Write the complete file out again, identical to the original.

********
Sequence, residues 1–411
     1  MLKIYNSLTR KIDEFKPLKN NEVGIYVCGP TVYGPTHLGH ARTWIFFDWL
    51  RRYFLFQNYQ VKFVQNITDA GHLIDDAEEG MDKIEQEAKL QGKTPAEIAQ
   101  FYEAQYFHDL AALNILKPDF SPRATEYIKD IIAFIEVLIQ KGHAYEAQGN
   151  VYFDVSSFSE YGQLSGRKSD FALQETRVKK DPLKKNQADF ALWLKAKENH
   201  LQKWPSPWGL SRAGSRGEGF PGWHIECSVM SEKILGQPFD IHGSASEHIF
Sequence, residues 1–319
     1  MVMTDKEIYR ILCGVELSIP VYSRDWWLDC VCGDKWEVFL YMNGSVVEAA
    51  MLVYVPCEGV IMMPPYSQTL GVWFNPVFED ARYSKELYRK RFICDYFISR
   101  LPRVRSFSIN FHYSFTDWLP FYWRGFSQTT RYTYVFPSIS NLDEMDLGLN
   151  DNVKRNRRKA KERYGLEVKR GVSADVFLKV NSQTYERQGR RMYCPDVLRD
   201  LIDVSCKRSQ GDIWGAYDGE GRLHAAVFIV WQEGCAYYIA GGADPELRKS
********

Sequence, residues 1–411
     1  MLKIYNSLTR KIDEFKPLKN NEVGIYVCGP TVYGPTHLGH ARTWIFFDWL
    51  RRYFLFQNYQ VKFVQNITDA GHLIDDAEEG MDKIEQEAKL QGKTPAEIAQ
   101  FYEAQYFHDL AALNILKPDF SPRATEYIKD IIAFIEVLIQ KGHAYEAQGN
   151  VYFDVSSFSE YGQLSGRKSD FALQETRVKK DPLKKNQADF ALWLKAKENH
   201  LQKWPSPWGL SRAGSRGEGF PGWHIECSVM SEKILGQPFD IHGSASEHIF
Sequence, residues 1–319
     1  MVMTDKEIYR ILCGVELSIP VYSRDWWLDC VCGDKWEVFL YMNGSVVEAA
    51  MLVYVPCEGV IMMPPYSQTL GVWFNPVFED ARYSKELYRK RFICDYFISR
   101  LPRVRSFSIN FHYSFTDWLP FYWRGFSQTT RYTYVFPSIS NLDEMDLGLN
   151  DNVKRNRRKA KERYGLEVKR GVSADVFLKV NSQTYERQGR RMYCPDVLRD
   201  LIDVSCKRSQ GDIWGAYDGE GRLHAAVFIV WQEGCAYYIA GGADPELRKS